Thursday, December 12, 2013


When I was a kid living at home not needing to worry myself with cooking, I baked. I loved making an assortment of desserts, cookies, muffins, you name it. Eventually I moved away, got a job, a ring, a couple babies, and picked up a few food allergies. My bet is you know where this is going. I hardly bake anymore and definitely not many desserts or cookies. I focus most of my energies on cooking decent meals and wholesome snacks for my family, picking up [and re-picking up] toys, keeping the house in at least less than disastrous condition, enjoying a few hobbies, and helping others find ways to embrace a healthy lifestyle. This leaves little time for much else.

And yet, here we are, the season of parties and celebration and an endless amount of treats. I'm not complaining, it just presents a bit of a pickle for a girl who doesn't do much in the "dessert" area.

Enter these truffles. Easy. Quick. Minimal effort. Allergy-free. Super delicious. And a bit more virtuous.

These truffles have become my go-to dessert whenever the occasion presents itself and just never get old. The original recipe for Pumpkin Truffles comes from Daily Bites and I've adapted that recipe for the peppermint truffles listed below.

Enjoy friends and may you be so blessed this holiday season.

Makes about 10 medium or 15 small truffles

3/4 c. coconut butter
3 - 4 T. pure maple syrup [+ 1/4 c. pure maple syrup is making coating rather than using sweetened chocolate chips]
1 vanilla bean, scraped*
2 tsp. peppermint oil, divided
pinch sea salt
4 ounces of either allergen-free chocolate or unsweetened chocolate or carob, chopped
2 T. coconut oil
if using unsweetened chocolate or carob, you will need:
1/4 c. pure maple syrup

Combine coconut butter and 3 - 4 T. maple syrup in a small pot over very low heat. Stir until melted [the mixture will start out creamy and a bit liquid looking and as it melts get more pasty]. Remove from heat, pour mixture into a small glass mixing bowl, and stir in scraped vanilla bean [the pod contents not the pod*] and 1 teaspoon of the peppermint oil.

Place bowl with truffle "dough" into the freezer and let set for 10 - 20 minutes or until the mixture is a bit firmer and can be easily rolled into balls.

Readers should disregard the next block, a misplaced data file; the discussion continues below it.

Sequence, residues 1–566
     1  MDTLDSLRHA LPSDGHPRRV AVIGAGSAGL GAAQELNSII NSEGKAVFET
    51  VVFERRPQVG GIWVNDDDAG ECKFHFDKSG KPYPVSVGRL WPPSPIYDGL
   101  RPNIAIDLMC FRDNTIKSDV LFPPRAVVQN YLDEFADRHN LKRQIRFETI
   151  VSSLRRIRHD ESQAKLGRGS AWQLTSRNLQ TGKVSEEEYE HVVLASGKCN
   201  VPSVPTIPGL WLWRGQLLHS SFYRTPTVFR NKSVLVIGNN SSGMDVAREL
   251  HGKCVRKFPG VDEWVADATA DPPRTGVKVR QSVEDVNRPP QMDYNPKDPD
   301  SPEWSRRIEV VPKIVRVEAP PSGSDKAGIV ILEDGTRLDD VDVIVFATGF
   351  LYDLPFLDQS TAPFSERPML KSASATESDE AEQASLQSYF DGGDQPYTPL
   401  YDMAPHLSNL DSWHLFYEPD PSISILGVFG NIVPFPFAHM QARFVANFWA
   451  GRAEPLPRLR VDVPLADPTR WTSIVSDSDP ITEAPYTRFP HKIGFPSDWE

Form the cold mixture into small balls [should make 10 medium or 15 small balls] and place on a wax paper lined plate or baking pan. Return to freezer for an additional 10 minutes.

While the nugget part of the truffles is freezing, make the chocolate or carob coating. Over very low heat, heat chocolate or carob chips or pieces, coconut oil, and maple syrup [if using unsweetened chocolate or carob] in a small pot. Whisk constantly until just melted and remove from heat. Add 1 teaspoon of peppermint oil, stirring to combine.

Take truffle "nugget" out of the freezer and dip each ball into the chocolate to coat completely. Place them back onto the baking sheet and, once all the the truffle balls are covered in chocolate or carob, return to the freezer to solidify coating. Once firm, remove truffles from freezer and, using a spoon, carefully drizzle additional coating over the truffles. Return to freezer. You can freeze any leftover coating for the next batch or toss with a large handful of almonds to make peppermint chocolate-covered almonds or you can use almond pieces to make peppermint almond bark.

Once the coating has solidified, place truffles in an airtight container and store in the refrigerator or freezer until you are ready to serve.

You can also make coconut truffles by adding shredded coconut [enough to make a firm dough] and using coconut extract in place of peppermint.

*If you're wondering what to do with the pods [because, well vanilla beans are expensive so who wants to waste!], place scraped beans in a small airtight jar and cover with rum. Place in a dark cupboard and let stand a few weeks. Voila! Pure vanilla extract!

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